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Compensating the victims of terrorism

Youssef Sidhom

01 Nov 2013 2:10 pm

Problems on hold

Last September Watani launched a donation fund to compensate the Coptic victims for the losses they incurred owing to the horrendous pro-Mursi Islamist attacks against them. The Islamists were penalising the Copts,

 and all Egypt, for their participation in the 30 June Revolution which brought about the downfall of Mursi and his Islamist regime.
On a full page in its 22 September issue, Watani printed a list of names of the Coptic victims, who belonged to 10 of Egypt’s governorates, and the details of their losses—whether in lives, personal injury, or material losses. We did not include the damage to the churches, since the armed forces had announced they would shoulder the reconstruction, restoration and renovation of the damaged or burnt churches or church-owned facilities such as schools, orphanages, or community centres. 
The first list, as Watani explained at the time, included no data about the financial estimate of the losses, neither the sums needed to enable families to restart their livelihoods nor to help those families who had lost a breadwinner. We promised our readers to print this information which a Watani team was working to compile as soon as it was ready.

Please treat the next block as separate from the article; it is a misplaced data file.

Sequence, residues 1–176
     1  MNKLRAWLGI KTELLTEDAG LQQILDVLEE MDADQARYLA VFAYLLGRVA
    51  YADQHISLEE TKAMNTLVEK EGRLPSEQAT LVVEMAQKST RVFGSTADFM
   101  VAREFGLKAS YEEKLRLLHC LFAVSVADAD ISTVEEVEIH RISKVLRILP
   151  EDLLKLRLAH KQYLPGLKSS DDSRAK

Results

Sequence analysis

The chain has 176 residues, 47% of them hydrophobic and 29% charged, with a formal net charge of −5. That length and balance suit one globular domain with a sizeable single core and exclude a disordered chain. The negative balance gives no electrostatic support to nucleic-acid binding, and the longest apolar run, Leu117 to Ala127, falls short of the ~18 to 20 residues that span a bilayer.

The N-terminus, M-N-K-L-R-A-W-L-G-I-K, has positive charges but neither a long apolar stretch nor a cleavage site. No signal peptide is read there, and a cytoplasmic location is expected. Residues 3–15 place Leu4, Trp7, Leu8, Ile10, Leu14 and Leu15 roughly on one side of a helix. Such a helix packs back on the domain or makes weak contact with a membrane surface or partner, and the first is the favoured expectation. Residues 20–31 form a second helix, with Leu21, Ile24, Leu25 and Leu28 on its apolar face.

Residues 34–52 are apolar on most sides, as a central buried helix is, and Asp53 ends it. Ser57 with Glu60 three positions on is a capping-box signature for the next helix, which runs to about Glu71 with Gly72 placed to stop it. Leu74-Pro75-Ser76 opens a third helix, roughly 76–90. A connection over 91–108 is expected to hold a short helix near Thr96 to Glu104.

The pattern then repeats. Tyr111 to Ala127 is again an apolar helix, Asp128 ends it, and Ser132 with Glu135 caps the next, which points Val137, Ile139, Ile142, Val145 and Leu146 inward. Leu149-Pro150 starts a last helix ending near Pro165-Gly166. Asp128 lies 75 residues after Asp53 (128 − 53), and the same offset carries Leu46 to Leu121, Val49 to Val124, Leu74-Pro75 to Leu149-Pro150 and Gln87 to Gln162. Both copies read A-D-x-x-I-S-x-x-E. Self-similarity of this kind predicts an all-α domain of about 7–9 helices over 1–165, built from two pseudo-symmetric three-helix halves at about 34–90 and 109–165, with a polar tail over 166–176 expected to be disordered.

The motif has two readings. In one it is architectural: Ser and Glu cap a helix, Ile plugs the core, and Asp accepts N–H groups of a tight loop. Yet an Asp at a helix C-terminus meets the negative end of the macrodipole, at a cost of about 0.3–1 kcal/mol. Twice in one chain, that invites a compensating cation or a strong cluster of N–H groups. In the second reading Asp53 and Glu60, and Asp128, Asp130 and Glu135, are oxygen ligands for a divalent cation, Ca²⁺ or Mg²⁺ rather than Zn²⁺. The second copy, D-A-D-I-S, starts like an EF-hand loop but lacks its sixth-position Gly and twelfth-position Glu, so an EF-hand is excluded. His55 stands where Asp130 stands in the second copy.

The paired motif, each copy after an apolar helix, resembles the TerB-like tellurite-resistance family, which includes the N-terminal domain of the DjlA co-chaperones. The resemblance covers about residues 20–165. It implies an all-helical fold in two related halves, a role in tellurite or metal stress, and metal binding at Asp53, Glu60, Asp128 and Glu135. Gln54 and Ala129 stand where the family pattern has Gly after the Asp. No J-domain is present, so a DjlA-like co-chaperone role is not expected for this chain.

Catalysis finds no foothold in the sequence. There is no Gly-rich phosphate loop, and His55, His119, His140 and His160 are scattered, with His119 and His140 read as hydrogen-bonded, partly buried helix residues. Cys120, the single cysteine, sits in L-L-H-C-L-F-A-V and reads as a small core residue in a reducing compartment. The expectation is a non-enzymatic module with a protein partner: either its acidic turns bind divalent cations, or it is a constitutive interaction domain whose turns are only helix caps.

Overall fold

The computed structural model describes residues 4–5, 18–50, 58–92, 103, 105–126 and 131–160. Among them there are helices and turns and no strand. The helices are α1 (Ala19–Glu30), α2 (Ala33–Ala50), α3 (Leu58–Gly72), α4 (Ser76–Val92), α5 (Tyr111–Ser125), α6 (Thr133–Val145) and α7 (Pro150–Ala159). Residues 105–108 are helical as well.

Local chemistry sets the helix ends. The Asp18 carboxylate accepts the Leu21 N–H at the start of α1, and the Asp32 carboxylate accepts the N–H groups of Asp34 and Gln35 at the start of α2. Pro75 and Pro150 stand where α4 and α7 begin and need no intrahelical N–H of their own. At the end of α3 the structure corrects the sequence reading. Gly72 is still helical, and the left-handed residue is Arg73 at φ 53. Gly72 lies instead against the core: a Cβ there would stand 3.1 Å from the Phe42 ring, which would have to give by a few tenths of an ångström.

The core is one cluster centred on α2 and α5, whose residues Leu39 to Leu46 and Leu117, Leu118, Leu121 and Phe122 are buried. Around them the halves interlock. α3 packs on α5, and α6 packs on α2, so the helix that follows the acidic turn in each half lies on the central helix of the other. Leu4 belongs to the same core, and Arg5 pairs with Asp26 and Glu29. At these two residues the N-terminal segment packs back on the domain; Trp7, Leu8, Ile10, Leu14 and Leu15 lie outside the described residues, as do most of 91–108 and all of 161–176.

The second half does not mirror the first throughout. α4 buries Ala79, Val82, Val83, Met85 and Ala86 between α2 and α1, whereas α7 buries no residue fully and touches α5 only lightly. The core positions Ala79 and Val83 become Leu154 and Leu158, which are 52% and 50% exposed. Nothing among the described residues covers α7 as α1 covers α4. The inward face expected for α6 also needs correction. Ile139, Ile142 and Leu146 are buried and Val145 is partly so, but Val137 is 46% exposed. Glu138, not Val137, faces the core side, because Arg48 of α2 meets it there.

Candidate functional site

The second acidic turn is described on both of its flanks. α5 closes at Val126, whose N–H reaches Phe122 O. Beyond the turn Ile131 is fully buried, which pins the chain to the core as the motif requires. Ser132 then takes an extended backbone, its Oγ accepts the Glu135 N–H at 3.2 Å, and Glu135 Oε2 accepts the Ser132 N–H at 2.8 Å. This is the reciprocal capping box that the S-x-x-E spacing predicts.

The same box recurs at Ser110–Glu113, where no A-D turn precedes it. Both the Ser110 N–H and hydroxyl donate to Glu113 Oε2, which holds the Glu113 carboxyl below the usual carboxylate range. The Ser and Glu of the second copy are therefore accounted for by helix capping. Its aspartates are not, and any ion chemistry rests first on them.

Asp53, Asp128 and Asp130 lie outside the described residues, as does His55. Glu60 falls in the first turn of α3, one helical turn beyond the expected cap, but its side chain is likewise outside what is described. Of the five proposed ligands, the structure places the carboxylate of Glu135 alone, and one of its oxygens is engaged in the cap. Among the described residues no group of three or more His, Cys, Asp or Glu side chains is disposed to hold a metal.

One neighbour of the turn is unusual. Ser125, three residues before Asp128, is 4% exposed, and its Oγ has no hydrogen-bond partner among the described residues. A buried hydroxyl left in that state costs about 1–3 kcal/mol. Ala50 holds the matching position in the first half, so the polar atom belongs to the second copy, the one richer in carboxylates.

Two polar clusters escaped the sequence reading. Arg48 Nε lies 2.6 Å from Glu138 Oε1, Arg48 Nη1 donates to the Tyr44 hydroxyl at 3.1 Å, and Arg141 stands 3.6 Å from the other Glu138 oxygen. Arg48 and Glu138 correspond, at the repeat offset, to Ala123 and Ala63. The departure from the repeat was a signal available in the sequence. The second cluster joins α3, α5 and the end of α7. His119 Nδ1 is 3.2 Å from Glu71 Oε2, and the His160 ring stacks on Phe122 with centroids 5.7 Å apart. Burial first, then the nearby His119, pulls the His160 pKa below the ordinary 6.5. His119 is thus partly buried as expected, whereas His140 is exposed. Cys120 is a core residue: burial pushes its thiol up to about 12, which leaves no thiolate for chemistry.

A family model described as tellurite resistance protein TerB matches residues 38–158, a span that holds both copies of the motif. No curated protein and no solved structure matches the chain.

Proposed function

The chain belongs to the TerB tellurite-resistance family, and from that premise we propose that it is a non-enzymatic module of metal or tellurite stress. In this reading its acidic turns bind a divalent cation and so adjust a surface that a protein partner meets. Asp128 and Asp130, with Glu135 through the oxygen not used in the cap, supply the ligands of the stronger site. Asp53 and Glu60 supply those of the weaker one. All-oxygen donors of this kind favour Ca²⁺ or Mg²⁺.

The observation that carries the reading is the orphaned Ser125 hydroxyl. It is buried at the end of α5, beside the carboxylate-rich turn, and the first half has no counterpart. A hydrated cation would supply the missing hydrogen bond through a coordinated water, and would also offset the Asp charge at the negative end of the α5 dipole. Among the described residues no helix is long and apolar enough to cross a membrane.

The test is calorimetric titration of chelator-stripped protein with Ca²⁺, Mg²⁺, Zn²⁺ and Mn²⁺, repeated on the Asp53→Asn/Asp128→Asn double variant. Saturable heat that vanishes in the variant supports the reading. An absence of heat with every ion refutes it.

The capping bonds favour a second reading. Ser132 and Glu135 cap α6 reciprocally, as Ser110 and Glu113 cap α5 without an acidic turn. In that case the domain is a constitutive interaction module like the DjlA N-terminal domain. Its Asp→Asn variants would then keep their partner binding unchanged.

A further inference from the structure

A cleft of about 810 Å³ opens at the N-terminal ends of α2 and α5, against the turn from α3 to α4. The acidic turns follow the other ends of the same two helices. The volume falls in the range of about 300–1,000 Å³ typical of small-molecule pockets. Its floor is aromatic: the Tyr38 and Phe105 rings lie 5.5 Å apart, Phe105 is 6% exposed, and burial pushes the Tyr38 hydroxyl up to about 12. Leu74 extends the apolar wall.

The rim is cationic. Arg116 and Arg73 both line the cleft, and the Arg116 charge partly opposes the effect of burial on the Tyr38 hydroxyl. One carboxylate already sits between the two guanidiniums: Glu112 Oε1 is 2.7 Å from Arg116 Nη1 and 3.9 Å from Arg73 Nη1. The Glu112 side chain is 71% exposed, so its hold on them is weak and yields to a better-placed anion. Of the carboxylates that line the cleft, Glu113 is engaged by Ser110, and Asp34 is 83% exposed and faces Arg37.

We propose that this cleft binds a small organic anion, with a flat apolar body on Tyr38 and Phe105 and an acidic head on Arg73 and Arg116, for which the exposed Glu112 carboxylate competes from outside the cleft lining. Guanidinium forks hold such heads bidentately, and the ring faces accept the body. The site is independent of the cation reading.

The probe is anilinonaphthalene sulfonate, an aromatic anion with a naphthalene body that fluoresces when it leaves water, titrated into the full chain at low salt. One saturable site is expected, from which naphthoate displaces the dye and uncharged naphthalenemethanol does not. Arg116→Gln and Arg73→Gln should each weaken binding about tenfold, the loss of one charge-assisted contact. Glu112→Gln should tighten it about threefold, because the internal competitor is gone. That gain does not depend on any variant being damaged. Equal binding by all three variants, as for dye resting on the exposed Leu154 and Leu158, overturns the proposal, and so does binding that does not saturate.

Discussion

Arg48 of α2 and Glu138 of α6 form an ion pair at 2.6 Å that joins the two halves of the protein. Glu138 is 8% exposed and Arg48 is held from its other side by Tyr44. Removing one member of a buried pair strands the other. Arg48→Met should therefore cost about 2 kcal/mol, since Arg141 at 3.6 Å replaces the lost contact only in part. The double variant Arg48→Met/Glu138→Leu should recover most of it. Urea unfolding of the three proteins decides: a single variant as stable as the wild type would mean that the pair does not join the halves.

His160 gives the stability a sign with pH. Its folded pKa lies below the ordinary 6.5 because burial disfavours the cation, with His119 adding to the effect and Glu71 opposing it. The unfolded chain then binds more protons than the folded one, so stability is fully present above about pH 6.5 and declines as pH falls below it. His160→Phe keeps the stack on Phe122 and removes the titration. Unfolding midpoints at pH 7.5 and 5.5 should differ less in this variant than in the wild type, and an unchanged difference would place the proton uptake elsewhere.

Today we print an estimate of the financial compensation needed to cover the damages and loss in property. The cases of the families who lost their breadwinners—two in Alexandria and three in North Sinai—are still being assessed to determine the compensation needed. The cases of forced displacement in North Sinai, which included 30 families, are also being investigated.
Following is the estimate of the sums needed to compensate victims for their material losses, listed according to each of the 10 governorates. The sums are in Egyptian Pounds.
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I admit the huge estimate astounded me. But it rightly expresses the hideousness of the intentional, pre-planned terrorist assault against the Copts, intended to wreak the worst harm possible on their property and livelihoods. The losses of Minya Copts alone amount to 65.42 per cent of the total, and involves Minya villages and towns as follows—the sums in EGP:
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The donation fund launched by Watani is still open for donations. While the fund swells to reach the targeted sum, the Watani team in charge of the fund will work to identify the urgent cases that cannot wait for the fund to reach its limit. The team will also locate the families that have already received compensation from other bodies, in order to focus on those victims who have as yet received no aid whatsoever.
In accordance with Watani’s policy of transparency and commitment to our readers, we will promptly print accounts of all incoming and outgoing sums. 
WATANI International
3 November 2013


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